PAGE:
Date of Award


Document Type


Degree Name

Master of Public Health


Health Science and Human Ecology

First Reader/Committee Chair

Monideepa B. Becerra, DrPH, MPH, CHES


Background: The tobacco epidemic has been a constant since the popularization of tobacco products. However, with the introduction of non-combustible products that include e-cigarettes and vapes, the usage of tobacco products has continued to increase. Tobacco exposure can stem from first-hand (FHS), second-hand (SHS), and third-hand smoke (THS), with the last two impacting even non-smokers. The health effects from all types of tobacco exposure can be detrimental. These effects include the risk of cancer in any organ of the body, cardiovascular disease, and respiratory diseases.

Methods: The study utilized a cross-sectional design through an anonymous web-based survey given to students in a public college institution. Their knowledge, attitude, and practices regarding first-hand, second-hand, and third-hand smoke were assessed. The data collected was analyzed using SPSS version 28.

Results: A total of 197 survey responses regarding student knowledge, attitudes, and behaviors were collected and analyzed. Key results indicated most students believed SHS (78.2%) and THS (92.9%) smoke are not receiving enough attention. Students stated they believed the general population is somewhat informed (69.0%) regarding secondhand smoke, but about 58% agreed the general population is not at all informed about thirdhand smoke. The study also found 70.4% of surveyed students were highly likely/likely to discuss SHS and THS with their family, while 61.7% agreed they were highly likely/likely to discuss the topics with their peers as well. However, 23% of students stated they were highly unlikely/unlikely to research more about SHS and almost 19% of students agreed they were highly unlikely/unlikely to research more about THS. Another key finding was assessment of student behavior regarding tobacco products. Only 4.6% of survey respondents confirmed they do currently use tobacco products, while the majority (95.4%) stated they do not.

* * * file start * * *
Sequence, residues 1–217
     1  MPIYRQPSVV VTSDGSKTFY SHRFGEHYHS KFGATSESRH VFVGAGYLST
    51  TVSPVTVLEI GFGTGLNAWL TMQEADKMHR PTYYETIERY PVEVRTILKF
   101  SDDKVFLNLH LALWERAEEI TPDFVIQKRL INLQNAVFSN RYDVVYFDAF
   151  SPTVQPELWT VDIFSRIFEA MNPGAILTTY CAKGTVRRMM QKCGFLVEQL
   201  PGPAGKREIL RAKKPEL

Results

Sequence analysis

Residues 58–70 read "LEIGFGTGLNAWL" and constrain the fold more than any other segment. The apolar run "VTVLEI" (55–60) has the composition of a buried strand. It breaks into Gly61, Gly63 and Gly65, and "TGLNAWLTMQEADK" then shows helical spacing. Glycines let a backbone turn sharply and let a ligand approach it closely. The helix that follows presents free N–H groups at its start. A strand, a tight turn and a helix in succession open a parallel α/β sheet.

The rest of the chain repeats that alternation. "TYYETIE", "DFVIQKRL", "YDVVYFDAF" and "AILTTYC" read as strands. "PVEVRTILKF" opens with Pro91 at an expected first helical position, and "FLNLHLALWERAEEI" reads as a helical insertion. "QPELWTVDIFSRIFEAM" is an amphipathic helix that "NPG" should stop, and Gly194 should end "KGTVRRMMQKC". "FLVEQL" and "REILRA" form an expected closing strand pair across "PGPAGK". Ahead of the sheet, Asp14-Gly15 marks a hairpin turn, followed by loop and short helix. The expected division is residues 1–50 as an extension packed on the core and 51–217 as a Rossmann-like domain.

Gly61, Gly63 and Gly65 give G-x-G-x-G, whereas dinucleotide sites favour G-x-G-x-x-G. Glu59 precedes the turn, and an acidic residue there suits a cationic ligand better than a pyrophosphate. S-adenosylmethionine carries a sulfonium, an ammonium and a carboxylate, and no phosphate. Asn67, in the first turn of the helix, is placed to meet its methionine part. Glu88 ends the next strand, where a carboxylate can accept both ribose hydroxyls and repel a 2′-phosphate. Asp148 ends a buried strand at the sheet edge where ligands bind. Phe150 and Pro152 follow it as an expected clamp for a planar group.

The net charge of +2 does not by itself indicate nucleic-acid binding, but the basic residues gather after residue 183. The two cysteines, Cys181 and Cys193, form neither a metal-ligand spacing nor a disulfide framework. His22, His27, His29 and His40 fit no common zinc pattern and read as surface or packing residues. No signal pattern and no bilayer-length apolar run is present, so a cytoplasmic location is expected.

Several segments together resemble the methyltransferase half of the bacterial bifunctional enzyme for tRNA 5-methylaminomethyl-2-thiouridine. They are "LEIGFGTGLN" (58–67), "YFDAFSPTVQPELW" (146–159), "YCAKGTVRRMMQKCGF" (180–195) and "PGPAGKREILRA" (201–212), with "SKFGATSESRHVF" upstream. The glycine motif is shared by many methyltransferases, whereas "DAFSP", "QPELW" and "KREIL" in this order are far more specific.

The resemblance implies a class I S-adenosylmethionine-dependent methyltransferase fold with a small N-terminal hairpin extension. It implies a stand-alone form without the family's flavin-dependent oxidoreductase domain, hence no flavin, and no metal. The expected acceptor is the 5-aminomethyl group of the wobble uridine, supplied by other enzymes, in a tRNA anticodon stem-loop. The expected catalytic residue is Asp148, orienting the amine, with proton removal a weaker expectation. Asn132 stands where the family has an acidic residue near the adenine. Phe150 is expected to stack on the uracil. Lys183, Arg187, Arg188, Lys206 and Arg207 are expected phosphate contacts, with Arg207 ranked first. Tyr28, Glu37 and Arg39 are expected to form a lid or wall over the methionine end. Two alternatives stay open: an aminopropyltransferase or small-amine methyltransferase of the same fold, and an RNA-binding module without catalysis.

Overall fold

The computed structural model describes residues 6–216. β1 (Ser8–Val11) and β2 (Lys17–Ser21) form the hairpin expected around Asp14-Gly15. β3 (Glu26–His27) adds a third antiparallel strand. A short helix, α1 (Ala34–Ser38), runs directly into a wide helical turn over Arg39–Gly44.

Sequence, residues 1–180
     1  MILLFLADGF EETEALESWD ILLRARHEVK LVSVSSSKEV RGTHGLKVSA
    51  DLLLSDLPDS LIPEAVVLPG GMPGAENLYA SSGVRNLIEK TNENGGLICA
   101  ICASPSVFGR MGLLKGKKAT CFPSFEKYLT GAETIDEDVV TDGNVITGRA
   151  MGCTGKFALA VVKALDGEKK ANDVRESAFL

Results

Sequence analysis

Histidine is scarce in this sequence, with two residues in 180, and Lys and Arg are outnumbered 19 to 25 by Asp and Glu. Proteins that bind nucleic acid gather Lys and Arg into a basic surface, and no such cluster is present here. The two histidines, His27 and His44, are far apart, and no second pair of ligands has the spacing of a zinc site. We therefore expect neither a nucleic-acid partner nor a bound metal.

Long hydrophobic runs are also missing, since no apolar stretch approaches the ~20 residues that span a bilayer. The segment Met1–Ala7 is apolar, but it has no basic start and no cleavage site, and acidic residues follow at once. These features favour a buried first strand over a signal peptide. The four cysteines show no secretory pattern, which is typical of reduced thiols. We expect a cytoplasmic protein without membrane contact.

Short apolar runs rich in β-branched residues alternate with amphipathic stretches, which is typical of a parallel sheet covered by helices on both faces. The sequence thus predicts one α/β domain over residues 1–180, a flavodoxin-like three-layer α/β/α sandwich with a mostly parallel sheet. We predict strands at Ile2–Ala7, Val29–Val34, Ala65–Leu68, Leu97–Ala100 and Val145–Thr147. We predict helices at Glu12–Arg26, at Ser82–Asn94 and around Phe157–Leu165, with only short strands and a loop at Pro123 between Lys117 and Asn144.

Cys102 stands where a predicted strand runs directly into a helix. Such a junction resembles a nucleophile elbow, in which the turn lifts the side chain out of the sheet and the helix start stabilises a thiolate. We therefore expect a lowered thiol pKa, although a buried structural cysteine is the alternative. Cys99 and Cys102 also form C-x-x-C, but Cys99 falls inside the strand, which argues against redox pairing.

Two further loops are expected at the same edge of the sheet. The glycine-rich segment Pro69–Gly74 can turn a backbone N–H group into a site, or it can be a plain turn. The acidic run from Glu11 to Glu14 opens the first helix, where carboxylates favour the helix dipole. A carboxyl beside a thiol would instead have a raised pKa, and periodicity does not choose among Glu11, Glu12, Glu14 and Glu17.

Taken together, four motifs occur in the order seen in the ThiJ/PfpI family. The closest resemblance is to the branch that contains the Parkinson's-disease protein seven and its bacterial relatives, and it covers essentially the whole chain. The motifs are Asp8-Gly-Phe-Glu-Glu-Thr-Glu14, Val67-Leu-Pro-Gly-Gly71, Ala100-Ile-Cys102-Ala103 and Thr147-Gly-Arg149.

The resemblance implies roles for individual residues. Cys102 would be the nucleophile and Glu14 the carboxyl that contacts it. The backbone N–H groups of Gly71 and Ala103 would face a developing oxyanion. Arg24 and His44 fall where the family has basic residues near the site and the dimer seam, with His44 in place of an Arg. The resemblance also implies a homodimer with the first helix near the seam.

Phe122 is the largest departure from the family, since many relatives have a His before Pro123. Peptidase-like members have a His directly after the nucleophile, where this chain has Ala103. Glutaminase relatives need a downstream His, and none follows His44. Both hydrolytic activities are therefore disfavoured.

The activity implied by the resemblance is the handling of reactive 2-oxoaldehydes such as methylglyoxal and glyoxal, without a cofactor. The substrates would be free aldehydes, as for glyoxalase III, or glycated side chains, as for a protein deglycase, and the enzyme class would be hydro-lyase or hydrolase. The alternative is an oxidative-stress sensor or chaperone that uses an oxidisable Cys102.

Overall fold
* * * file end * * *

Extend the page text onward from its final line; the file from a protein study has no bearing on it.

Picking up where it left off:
Conclusion: The results of the study showed a clear knowledge gap regarding the different tobacco exposures, specifically THS. The study suggested students believed this gap in knowledge was prevalent with other individuals in their social environment, including family and friends. Despite this, most students were willing to discuss potentially sensitive topics with their social circles. A call to action for college institutions to close the gap of knowledge on second-hand and third-hand smoke to educate students on the harmful effects of tobacco use is recommended. This study suggests if students obtain education on these topics and feel confident in their knowledge, conversation and advocacy onto their social environments may be encouraged.